I ate this hummus in the morning. Did you know that’s actually traditional in parts of the world? With pickles. Seriously. Pickles + hummus = best breakfast (or snack) combo ever. Anyways, you can make it and eat it however and whenever you’d like. Or not. You do you.

Vegan Miso Hummus

Happy hummus, friends 🙂 Prep Time: 5 minutes Cook Time: 0 minutes Level: easy makes about 1.5 cups hummus Ingredients:

  • 1 15 or 16 ounce can garbanzo beans (chickpeas), drained and rinsed with water from chickpea can reserved and set aside
  • juice of 1/2 a lemon
  • 1/2 clove garlic depending on how garlick-y you like hummus (totally optional, can be omitted)
  • 3 tablespoons miso paste (I got mine at Trader Joe’s)
  • 1 tablespoon olive oil
  • 2 tablespoons liquid reserved from chickpea can
  • salt & pepper to taste

Directions:

1. Drain liquid out of chickpea can and set liquid aside. Do not throw it away. This liquid is a very helpful component in achieving good hummus texture. Trust me.I learned it in food science. They taught us important stuff at NYU.

2. Rinse chickpeas and place in a food processor or blender. Juice 1/2 a lemon and add to food processor. Mince garlic and add. Add olive oil and 2 tablespoons liquid from chickpeas.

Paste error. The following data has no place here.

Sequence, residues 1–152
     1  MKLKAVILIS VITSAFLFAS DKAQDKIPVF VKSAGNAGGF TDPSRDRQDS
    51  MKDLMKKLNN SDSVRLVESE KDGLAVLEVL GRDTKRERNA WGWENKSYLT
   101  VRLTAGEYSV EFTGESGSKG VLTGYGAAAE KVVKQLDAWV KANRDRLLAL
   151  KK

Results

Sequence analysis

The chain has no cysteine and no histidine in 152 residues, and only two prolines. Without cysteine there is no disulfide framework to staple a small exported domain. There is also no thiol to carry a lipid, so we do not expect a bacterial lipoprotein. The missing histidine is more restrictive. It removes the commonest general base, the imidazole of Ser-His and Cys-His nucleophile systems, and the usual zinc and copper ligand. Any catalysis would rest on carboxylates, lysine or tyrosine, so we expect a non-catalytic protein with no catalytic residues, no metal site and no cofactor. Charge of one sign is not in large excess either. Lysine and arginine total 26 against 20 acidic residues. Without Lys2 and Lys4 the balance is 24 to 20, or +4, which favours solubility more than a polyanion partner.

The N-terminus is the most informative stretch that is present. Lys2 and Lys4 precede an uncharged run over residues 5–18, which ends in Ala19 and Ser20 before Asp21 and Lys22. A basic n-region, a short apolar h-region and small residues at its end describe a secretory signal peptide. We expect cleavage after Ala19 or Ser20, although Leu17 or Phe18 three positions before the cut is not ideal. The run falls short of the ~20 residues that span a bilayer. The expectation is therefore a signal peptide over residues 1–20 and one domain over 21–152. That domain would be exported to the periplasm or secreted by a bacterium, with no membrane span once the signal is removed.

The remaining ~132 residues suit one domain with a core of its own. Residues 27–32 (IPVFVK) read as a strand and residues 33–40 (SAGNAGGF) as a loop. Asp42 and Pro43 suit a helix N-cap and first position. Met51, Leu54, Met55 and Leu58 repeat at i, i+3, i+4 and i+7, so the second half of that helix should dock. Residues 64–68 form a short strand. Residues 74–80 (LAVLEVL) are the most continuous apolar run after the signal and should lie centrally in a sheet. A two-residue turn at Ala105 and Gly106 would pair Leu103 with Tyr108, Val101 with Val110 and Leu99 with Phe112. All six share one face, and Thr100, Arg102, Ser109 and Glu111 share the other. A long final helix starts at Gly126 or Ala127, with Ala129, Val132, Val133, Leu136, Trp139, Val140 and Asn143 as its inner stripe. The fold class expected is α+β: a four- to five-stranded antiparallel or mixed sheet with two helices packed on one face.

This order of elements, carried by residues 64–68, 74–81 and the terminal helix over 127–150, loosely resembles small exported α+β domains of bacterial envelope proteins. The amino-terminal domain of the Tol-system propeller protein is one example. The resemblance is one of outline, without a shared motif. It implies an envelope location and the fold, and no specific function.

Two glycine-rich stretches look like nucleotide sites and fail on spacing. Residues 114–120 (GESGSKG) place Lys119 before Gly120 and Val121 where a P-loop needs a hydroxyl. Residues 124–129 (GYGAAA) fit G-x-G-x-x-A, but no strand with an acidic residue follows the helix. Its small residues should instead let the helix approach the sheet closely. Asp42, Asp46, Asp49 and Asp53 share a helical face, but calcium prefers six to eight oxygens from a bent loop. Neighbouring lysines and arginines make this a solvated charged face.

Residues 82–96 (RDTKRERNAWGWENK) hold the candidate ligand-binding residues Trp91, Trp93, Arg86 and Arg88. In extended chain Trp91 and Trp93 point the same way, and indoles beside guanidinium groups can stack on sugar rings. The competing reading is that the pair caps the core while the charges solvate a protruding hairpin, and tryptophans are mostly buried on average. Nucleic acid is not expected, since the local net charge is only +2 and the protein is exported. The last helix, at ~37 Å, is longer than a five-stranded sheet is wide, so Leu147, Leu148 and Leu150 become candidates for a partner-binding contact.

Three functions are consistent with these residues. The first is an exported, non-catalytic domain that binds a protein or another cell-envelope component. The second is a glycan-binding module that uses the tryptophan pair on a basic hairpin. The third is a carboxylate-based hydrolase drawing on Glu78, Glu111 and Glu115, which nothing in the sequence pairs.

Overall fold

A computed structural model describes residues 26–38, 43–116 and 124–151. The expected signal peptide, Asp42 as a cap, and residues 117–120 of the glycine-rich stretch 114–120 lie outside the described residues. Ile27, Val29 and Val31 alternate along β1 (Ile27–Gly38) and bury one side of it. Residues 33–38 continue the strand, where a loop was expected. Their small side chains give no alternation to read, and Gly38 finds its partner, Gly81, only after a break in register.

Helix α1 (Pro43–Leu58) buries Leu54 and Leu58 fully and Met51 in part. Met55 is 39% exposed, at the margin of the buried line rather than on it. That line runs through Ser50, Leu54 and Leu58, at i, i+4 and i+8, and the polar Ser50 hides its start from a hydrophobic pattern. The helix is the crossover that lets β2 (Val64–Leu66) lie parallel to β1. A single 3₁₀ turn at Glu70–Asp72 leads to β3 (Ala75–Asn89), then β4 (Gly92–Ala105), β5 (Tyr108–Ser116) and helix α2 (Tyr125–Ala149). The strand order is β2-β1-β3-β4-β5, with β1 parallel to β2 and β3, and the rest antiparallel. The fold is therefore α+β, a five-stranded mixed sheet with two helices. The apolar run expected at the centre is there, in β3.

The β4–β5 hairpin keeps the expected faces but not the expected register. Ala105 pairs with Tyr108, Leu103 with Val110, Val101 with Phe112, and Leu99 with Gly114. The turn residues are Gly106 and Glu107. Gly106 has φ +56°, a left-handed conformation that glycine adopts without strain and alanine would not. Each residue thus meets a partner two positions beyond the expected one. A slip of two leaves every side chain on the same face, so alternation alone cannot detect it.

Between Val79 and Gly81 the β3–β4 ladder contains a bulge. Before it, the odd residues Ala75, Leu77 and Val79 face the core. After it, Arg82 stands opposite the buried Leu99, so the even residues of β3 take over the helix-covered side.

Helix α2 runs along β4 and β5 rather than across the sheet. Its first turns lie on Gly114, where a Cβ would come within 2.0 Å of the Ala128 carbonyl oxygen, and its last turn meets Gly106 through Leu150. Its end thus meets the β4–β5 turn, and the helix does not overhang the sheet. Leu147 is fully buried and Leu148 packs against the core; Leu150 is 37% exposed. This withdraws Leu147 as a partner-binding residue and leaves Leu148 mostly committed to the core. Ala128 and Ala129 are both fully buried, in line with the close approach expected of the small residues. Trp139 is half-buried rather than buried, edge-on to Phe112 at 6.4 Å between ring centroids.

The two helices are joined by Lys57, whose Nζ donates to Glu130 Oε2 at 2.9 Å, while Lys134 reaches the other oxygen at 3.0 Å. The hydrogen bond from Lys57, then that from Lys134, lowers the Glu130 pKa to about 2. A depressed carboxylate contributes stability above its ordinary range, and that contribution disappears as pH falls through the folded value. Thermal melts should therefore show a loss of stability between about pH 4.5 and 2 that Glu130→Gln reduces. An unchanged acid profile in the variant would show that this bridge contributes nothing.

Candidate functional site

3. Grind chickpea mixture in food processor until desired consistency is achieved. You may have to mix it a few times with a spatula or spoon. Personally I like my hummus a little chunky, but if you like it super smooth, blend away!

4. Add salt and pepper to taste. Serve with vegetables, pita bread, pita chips, crackers, or add to sandwiches.

More Hummus-y Goodness:

Curried Pumpkin Hummus

As I’m writing this post, the Packers vs. Bears game is on TV. I know this because of social media and because none of my friends want to hang out right now. Currently I’m watching an episode of Keeping Up With The Kardashians [one I’ve already seen]. Everyone in Wisconsin is now officially judging me. But no matter, I love football games. I see them as the perfect time to go to the mall, Target, the gym, or Trader Joe’s (no lines!! no people!!).